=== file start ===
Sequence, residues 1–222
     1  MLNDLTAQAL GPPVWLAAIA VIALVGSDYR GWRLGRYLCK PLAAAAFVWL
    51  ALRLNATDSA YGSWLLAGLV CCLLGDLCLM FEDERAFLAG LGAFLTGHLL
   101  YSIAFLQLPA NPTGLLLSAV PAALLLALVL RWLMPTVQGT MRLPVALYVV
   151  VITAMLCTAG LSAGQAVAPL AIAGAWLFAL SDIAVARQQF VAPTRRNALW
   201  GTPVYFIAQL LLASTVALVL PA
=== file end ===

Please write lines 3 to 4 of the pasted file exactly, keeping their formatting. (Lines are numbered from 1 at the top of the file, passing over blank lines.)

    51  ALRLNATDSA YGSWLLAGLV CCLLGDLCLM FEDERAFLAG LGAFLTGHLL
   101  YSIAFLQLPA NPTGLLLSAV PAALLLALVL RWLMPTVQGT MRLPVALYVV